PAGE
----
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It doesn't do that, because it doesn't work at all. Regular interrogation does that

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It does have an effect on subjects who believe it works, it's causes them to believe that the interview knows they are lying. I would expect this to select for good liars among people who believe the lie detector works.

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>It's a shame because in England the therapists would not be allowed to share anything with the employers, but there's no easy way to provide that reassurance.

Additionally, if you build a relationship with a therapist, you might want to be able to continue with that therapist beyond your current employment.

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So much of what makes Ruby Ruby is based on dynamic types. Is this going to be optional? I've been moving away from Ruby a bit over the years specifically because I want static typing, but I can't imagine that the majority of Ruby devs feel this way.

Also isn't Crystal basically a compiled, statically typed version of Ruby?

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Not really -- with strong typing you can still use duck typing.

Swift has a cool approach to this.

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Unless I read something wrong, the proposal was to add static typing not strong. Dynamic vs static, and strong vs weak are two different things, although the exact meaning of strong vs weak isn't really settled.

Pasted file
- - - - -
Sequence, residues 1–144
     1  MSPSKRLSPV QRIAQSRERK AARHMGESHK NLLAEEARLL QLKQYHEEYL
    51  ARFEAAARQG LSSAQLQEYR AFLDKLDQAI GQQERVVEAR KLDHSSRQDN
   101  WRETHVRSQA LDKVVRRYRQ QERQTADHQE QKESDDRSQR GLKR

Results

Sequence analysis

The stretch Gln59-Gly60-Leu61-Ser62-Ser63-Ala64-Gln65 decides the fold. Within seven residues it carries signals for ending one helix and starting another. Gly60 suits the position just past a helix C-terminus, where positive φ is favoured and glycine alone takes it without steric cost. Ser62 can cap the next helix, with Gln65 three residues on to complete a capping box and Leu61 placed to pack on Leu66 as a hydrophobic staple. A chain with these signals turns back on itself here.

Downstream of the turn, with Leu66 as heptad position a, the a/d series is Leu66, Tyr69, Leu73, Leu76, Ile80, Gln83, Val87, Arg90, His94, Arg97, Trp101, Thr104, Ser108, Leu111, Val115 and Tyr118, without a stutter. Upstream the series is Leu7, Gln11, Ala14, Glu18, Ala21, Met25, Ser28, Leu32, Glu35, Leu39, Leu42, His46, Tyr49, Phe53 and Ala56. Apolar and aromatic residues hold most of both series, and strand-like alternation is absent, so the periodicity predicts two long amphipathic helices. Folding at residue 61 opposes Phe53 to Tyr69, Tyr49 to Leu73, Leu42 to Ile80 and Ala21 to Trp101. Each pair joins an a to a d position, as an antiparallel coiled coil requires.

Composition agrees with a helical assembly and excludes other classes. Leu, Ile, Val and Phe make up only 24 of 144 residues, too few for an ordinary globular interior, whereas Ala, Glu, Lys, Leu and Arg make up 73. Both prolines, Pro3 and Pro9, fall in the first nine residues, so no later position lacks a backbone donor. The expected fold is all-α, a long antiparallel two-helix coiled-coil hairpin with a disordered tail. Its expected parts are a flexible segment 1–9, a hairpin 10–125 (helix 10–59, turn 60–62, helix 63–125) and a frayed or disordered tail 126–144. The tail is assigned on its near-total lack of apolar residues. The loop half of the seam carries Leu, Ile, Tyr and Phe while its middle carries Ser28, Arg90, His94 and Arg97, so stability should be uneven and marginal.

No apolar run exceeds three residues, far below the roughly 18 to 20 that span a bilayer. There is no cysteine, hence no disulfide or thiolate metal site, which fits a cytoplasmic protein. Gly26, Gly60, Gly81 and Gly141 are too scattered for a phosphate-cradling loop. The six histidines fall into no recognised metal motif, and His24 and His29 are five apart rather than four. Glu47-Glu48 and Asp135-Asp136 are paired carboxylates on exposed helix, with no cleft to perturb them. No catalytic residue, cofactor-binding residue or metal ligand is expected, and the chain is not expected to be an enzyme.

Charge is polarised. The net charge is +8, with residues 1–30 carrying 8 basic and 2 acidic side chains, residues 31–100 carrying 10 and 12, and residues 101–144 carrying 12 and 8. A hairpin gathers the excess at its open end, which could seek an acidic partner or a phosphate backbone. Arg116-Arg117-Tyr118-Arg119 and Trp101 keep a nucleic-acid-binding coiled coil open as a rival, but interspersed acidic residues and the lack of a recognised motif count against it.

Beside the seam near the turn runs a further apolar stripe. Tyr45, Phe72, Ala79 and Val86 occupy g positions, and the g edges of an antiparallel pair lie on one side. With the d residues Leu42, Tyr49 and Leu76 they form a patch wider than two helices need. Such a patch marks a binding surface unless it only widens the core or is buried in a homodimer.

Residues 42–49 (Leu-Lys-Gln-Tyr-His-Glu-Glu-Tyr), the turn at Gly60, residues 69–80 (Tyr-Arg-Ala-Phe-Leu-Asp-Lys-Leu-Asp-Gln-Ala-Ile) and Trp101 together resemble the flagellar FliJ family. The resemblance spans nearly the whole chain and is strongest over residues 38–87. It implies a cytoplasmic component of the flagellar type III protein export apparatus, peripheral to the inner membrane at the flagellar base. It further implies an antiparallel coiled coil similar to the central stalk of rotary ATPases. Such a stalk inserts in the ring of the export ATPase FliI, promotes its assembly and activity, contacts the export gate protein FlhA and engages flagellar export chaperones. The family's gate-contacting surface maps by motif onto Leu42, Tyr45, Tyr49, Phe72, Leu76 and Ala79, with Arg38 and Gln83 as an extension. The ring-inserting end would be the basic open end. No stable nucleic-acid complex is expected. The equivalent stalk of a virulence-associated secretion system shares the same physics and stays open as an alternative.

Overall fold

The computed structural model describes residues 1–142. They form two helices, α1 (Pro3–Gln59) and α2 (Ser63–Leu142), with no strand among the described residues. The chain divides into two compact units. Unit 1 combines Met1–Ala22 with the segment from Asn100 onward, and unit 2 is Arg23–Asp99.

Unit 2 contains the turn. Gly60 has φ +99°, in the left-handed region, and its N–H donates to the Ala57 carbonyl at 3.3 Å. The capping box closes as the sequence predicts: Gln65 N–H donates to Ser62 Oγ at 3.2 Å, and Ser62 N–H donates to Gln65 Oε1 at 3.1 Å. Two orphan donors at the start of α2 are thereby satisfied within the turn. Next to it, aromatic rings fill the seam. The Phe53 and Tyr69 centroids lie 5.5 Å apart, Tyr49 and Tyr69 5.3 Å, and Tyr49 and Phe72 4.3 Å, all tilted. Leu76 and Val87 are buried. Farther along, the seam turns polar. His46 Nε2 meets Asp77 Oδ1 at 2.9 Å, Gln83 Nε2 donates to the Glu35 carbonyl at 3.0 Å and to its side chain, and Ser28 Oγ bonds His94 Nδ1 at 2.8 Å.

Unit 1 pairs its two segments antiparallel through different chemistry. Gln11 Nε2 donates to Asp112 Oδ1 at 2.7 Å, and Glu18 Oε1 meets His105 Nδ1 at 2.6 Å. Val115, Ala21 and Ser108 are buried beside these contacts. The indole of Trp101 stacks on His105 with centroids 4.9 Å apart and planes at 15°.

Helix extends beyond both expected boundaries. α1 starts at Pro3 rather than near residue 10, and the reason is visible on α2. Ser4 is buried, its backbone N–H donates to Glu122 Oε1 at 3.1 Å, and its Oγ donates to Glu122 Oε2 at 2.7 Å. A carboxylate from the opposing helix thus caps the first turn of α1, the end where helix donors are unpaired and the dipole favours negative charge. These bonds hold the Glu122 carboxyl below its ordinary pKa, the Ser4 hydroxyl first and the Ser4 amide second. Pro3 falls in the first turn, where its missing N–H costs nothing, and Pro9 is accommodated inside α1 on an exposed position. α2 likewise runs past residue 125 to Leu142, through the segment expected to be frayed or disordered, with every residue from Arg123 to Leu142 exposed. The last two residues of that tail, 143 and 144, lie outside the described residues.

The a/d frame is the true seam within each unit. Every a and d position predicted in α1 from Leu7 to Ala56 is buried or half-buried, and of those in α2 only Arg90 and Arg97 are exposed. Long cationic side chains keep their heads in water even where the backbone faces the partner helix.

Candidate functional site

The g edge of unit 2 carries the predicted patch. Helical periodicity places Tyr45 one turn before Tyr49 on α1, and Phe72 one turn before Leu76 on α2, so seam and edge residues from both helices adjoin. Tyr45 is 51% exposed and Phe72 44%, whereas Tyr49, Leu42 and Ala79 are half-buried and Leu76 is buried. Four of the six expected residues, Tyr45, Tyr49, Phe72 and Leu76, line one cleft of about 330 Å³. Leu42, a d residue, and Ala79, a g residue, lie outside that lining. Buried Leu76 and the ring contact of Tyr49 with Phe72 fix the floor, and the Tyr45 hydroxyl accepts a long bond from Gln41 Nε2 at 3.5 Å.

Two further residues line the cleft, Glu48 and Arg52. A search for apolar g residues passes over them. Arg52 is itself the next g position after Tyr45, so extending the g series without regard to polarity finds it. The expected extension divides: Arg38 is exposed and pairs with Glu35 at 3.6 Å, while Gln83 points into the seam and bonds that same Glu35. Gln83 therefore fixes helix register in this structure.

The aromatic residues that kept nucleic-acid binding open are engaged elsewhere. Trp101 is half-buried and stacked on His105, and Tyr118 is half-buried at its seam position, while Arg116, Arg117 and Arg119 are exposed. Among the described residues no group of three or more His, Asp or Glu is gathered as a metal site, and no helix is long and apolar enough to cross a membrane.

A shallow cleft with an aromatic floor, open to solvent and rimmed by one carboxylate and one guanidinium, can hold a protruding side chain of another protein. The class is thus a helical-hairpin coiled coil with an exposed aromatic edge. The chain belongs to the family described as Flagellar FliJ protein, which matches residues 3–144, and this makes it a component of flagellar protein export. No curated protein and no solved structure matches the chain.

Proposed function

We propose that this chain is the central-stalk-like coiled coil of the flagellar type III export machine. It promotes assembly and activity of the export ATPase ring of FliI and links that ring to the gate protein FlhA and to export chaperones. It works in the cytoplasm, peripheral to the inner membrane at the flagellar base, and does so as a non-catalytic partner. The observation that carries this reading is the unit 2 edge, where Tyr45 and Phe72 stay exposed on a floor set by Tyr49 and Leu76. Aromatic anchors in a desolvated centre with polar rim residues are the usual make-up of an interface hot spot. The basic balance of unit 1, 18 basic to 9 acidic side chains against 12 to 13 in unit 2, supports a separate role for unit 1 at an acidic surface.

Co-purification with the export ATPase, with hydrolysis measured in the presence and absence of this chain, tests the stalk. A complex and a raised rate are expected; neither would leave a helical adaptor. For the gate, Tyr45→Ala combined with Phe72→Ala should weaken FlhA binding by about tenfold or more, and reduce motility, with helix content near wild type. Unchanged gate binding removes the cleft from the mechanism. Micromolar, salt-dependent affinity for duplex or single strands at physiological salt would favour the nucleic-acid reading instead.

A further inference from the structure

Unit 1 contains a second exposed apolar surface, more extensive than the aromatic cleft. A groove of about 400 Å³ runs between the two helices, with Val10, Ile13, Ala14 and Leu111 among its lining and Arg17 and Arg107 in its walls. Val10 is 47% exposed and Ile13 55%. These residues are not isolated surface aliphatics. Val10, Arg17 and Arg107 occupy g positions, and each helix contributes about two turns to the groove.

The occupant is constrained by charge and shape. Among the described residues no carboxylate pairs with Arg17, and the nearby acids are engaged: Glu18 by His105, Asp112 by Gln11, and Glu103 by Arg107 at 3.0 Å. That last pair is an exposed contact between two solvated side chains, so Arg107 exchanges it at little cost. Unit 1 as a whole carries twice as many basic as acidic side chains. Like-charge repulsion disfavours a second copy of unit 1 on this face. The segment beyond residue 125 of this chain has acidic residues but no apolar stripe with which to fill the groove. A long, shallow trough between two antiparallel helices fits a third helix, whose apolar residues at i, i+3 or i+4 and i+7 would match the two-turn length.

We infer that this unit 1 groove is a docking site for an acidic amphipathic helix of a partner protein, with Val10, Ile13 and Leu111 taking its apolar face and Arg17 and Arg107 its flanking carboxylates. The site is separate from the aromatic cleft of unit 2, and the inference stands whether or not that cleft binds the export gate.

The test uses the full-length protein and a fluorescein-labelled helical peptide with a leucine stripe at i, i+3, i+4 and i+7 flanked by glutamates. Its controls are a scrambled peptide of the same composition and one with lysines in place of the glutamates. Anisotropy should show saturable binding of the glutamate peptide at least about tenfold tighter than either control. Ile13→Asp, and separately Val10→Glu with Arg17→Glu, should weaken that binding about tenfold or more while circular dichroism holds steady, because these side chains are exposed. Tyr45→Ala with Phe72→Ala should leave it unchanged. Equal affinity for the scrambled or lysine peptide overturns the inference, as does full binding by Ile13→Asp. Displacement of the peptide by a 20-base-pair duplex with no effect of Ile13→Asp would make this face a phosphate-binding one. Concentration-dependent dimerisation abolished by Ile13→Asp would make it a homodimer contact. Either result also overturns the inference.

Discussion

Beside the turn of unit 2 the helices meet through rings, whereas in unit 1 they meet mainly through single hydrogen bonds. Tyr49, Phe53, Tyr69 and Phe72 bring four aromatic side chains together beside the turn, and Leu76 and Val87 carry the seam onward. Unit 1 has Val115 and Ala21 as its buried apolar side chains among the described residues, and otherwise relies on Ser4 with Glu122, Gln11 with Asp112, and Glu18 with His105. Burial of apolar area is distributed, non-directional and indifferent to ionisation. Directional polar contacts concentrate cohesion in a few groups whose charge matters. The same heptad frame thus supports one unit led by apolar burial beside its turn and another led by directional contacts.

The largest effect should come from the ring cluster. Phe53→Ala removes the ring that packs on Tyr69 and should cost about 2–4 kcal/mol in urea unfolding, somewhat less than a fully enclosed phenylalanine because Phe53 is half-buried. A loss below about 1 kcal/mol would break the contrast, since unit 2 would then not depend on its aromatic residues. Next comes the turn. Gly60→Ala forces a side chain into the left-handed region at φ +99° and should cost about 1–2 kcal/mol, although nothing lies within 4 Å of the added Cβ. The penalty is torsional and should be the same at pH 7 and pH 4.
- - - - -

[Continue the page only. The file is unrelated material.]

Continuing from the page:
Many people already consider ruby to be pretty strongly typed. It's definitely already more strongly typed than javascript.

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I've been doing C# after years of Ruby, and every time I find myself needing or wanting to do 'duck typing', what falls out is an interface and then using generics.

After years of Ruby, this is so handy because you end up formalising 'on the side' the commonalities of your modelling.

I had no idea what generics were for, and I thought interfaces were mostly for over-abstraction but lo, I was wrong. They are very handy. They are typed duck typing!

Combine that with type inference, and you've limited all the ugly 'everything is typed' code, and what you get is code that looks a lot like Javascript.

And if you don't like, that, there's F#, that as an ex-Ruby guy, looks rather compelling, but with all the benefits of C# as well.

I didn't realise until I was out of the echo chamber that Ruby is only a small spot on the radar compared to the rest of the software world.

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I completely agree with everything you wrote, that's been my experience as well. I'm also a Ruby guy who's moving a lot of my projects over to .Net. F# is actually what attracted me, but I'm really enjoying C# as well.

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How often are you asked to solve a problem in 15 minutes while someone watches over your shoulder?

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Seems like you'd have a similar problem with almost any job interview for any type of position.

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Ask your friends who aren't software engineers. How many of them solve problems they've never seen before while someone watches over them during an interview? The vast majority of other professions spend their time talking about past projects.

For instance all my designer friends show off their portfolios, then maybe they get a take home work sample. My writer friends submit samples of their work. And my engineer friends discuss past projects they've worked on.

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I take your point, but actually I work in media and a lot of my writer friends had to take writing or editing tests as part of their interview.